What Trump Can Do Immediately, By Executive Order: Re-Americanize The Citizenship Test


The incoming Trump Administration has much to deal with in the area of immigration law enforcement and dealing with the bureaucracy at the Department of Homeland Security.  The last three administrations, Clinton, Bush, and Obama have left a mess at the legacy Immigration and Naturalization Service (INS) and later at the three major components, U.S. Immigration and Customs Enforcement (ICE), U.S. Customs and Border Protection (CBP), and U.S. Citizenship and Immigration Services (USCIS).  As I described, USCIS will be the most recalcitrant of the major components, but the problem there can be solved with judicious use of personnel appointments and vigorous changes in administrative policy.

One of those areas that a President Trump appointment as Secretary of the Department of Homeland Security, hopefully Kris Kobach, or as Director of USCIS, is in the area of assimilation of legal immigrants into the United States.  This is particularly difficult as the official position of USCIS at the moment is Cultural Marxist multiculturalism and diversity rather than Americanization, patriotism, and assimilation.

Some have realized this, particularly one of the sole remaining patriots and non-cucks at National Review, John O’Sullivan. 

To believe, as most Americans do, that the U.S. Constitution is superior to international law, that immigrants — though welcome — should become part of a united national community rather than join an ethnic enclave in a balkanized America, and that our national identity is more important than any ethnic or transnational loyalty is not to take the low road of nationalist selfishness but the moral high ground of democratic self-government in a particular society. In global politics, moreover, these principles enshrine a universal ideal of democratic sovereignty within an independent liberal-democratic nation-state that inspires people in — yes — less happy lands.

[The Return of American Nationalism, by John O’Sullivan and John Fonte, National Review, November 18, 2016]

Now, whether that policy of Americanization of immigrants will survive at NR is in doubt, but Kris Kobach or any other appointee at the Trump DHS can take immediate steps to deal with Americanization, patriotism, and assimilation, and without any legislation.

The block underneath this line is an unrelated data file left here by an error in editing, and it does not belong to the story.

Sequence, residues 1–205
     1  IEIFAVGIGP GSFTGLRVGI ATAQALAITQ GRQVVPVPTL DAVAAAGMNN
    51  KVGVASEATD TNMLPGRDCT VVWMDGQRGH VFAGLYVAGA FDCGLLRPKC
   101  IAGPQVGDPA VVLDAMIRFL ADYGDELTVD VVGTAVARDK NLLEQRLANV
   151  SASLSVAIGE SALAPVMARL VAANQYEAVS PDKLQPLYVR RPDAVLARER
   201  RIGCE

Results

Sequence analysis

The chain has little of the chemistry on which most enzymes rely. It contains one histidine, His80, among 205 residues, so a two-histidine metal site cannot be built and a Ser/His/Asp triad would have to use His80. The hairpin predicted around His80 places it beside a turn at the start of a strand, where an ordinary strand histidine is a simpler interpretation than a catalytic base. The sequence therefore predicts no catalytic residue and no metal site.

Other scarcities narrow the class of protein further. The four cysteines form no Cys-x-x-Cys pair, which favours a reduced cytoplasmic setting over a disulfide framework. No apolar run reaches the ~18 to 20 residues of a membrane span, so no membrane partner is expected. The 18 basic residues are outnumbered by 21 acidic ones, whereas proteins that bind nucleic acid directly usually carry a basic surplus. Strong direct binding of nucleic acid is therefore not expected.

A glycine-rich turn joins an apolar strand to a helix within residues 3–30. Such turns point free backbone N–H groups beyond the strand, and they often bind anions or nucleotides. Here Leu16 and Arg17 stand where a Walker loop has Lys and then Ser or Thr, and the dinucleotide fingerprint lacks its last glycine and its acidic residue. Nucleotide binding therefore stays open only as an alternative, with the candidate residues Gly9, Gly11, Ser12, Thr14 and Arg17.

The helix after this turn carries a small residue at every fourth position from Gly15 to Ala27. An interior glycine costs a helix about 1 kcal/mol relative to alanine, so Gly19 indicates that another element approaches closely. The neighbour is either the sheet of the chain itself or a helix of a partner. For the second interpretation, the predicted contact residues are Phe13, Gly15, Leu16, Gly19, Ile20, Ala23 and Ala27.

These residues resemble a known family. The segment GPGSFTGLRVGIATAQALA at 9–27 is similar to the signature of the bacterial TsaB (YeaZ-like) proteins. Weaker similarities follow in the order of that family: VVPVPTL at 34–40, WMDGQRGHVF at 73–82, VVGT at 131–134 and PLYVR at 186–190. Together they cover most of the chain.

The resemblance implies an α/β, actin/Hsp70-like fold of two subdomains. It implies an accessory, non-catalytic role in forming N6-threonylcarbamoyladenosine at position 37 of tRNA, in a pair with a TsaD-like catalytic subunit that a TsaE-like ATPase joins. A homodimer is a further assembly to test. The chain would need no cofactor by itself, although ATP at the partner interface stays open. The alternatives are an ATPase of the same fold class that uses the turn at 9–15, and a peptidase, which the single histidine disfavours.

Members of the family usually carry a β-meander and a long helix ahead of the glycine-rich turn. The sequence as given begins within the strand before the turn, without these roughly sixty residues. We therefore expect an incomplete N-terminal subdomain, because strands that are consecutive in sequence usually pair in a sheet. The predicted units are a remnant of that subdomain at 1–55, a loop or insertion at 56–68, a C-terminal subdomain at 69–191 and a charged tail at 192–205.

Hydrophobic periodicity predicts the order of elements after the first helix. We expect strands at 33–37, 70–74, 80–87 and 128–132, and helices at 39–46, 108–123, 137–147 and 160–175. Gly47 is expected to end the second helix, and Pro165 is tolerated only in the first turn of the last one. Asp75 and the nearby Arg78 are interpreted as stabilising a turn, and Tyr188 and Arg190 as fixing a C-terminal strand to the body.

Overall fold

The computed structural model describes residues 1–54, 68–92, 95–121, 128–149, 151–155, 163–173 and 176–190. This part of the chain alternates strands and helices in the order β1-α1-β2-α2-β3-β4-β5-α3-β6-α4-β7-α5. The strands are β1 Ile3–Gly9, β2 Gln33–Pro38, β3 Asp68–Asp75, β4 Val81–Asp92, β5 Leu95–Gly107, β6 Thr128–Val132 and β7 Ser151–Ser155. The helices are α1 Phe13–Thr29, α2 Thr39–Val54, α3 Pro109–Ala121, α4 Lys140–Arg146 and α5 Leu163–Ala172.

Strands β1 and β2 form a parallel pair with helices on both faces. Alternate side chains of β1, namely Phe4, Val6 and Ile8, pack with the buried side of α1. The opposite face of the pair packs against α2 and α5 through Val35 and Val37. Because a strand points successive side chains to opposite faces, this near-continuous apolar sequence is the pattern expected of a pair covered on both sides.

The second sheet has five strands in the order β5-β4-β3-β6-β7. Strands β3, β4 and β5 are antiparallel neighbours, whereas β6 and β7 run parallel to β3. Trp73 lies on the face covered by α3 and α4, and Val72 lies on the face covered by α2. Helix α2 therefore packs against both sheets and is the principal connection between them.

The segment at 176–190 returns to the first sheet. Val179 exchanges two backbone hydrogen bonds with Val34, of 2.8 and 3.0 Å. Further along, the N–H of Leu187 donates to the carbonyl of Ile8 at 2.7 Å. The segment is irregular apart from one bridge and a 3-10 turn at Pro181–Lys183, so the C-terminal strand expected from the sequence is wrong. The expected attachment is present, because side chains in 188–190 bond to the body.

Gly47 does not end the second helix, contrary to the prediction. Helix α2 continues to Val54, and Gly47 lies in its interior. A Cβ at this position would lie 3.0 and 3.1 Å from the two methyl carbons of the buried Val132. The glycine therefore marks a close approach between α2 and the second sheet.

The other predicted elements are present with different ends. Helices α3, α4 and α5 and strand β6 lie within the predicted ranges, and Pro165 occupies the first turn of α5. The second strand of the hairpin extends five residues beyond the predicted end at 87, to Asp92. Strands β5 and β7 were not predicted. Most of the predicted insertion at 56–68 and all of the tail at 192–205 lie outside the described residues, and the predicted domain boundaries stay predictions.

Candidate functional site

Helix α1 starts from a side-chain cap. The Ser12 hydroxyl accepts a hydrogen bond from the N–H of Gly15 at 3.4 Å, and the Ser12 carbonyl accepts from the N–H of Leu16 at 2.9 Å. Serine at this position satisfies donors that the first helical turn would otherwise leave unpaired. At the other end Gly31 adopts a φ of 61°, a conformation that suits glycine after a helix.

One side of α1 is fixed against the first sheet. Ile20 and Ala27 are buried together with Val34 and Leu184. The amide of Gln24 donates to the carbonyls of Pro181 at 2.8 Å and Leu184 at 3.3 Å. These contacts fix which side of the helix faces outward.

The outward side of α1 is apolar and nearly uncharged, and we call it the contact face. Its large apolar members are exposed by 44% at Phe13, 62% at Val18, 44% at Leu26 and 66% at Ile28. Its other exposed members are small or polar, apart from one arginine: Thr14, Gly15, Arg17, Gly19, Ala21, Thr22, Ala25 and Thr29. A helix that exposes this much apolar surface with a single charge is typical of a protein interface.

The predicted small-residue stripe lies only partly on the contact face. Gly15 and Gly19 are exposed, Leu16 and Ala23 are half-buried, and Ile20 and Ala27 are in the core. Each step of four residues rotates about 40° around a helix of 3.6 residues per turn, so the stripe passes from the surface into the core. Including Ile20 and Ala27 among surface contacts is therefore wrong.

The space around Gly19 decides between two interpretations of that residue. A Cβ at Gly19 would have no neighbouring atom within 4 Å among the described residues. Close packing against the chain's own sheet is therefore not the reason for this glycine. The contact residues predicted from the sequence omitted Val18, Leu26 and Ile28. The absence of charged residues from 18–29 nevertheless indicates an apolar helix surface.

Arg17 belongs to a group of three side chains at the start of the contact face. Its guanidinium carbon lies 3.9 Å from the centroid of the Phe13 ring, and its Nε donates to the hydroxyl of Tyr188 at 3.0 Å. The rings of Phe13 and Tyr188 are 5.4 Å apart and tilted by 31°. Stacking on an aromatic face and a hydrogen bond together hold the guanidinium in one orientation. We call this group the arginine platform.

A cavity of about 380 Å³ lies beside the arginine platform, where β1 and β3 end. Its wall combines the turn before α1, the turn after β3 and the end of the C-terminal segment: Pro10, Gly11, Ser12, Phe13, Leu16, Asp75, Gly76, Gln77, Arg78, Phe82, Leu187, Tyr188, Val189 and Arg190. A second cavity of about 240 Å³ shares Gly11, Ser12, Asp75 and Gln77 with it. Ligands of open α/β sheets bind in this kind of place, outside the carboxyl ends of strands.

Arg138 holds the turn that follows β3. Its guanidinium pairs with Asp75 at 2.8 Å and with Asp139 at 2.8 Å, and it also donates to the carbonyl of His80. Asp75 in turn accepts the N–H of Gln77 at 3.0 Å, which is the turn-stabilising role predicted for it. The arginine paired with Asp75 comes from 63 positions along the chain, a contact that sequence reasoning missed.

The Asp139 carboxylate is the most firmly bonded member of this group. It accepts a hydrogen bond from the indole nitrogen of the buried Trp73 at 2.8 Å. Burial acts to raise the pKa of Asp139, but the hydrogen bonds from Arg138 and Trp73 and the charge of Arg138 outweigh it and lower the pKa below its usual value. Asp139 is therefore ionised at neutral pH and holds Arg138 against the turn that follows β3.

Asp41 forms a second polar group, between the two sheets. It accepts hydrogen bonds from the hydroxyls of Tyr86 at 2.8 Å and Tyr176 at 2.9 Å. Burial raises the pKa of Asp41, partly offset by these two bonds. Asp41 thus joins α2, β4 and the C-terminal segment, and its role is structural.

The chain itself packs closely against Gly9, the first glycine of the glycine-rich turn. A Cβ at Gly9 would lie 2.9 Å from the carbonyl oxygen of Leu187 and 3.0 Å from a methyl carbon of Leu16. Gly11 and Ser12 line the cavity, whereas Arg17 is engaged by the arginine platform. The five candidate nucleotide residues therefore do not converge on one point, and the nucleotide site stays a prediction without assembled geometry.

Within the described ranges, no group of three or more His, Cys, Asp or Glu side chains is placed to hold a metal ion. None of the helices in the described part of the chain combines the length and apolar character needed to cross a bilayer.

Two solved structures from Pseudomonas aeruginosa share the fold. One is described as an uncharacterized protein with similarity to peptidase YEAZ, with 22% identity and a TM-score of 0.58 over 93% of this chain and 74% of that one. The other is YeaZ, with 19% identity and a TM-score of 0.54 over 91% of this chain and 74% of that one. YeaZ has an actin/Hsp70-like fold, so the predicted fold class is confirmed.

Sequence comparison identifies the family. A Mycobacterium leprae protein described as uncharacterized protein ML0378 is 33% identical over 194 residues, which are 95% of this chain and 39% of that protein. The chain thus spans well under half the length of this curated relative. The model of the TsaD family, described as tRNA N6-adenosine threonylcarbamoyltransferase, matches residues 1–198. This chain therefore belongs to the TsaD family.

One of Kobach’s first acts should be the immediate reform of the U.S. Citizenship American history examination.  Currently legal permanent residents applying for citizenship must pass a written examination consisting of 10 questions, of which they must get a mere 6 correct.  Basically, D students are being rewarded with American citizenship.  Worse yet, applicants are given the answers ahead of time with an official study guide with a list of the 100 questions that the 10 questions are chose from.  Furthermore, the questions are given to the alien in a private interview with an Immigration Services Officer (ISO) at USCIS, with corresponding opportunities for corruption or nonfeasance on the part of the officer, a problem all too common at USCIS.

The new Secretary of DHS should instruct the Director of USCIS to immediately change the exam process, suspending the administration of the required written exam, and  appointing distinguished historian, such as Larry Arnn of Hillsdale College, to revamp and expand the written examination to a 200 question multiple choice examination properly administered and proctored based on the Advance Placement Examination in American History from the College Board.

The written examination is required by legislation, but the nature of the examination is in the sole authority of the Secretary of DHS and not subject to judicial review.  So, with a pen and a phone, President Trump and his DHS Secretary can immediately implement a program of assimilation and Americanization.  Requiring citizenship applicants to actually study American history in detail will go a long way to assimilating those who at this time only have to obtain minimal skills in English or in civics.  It will have the beneficial aspect of keeping the worst groups of immigrants, those with low intelligence and achievement, and the most likely to vote Democrat in the future, from naturalizing as most will be neither interested in nor able to absorb the curriculum of a real examination in American history and civics.

This will be, however, only a start.  Many more administrative actions must be taken, such as paying serious attention to the ill-advised waiver available to certain aliens to the written exam.  Basically, aliens can claim a disability to be either excused the exam or have the exam in other than English.

Current USCIS policy is to accept any claim, no matter how specious,  put forward by an alien and their physician who “certifies” the disability.  There is widespread corruption, with many physicians and other pseudo-medical professionals, such as nurses and non-certified mental-health workers allowed to sign certifications of inability to either take the exam or inability to learn English.

The Secretary or new Director of USCIS could require that only specialist psychiatrists on contract to the government and not paid by the alien, could make such determinations.  The Secretary could also vigorously investigate fraud by such aliens.

However, legislation will be needed to reform the citizenship examination process to eliminate waivers of the exam, require mastery of English for all applicants, and backstop the changes in the written examination from collateral attack from the Treason Bar.  But it is a start to bringing back Americanization and assimilation to the immigration process.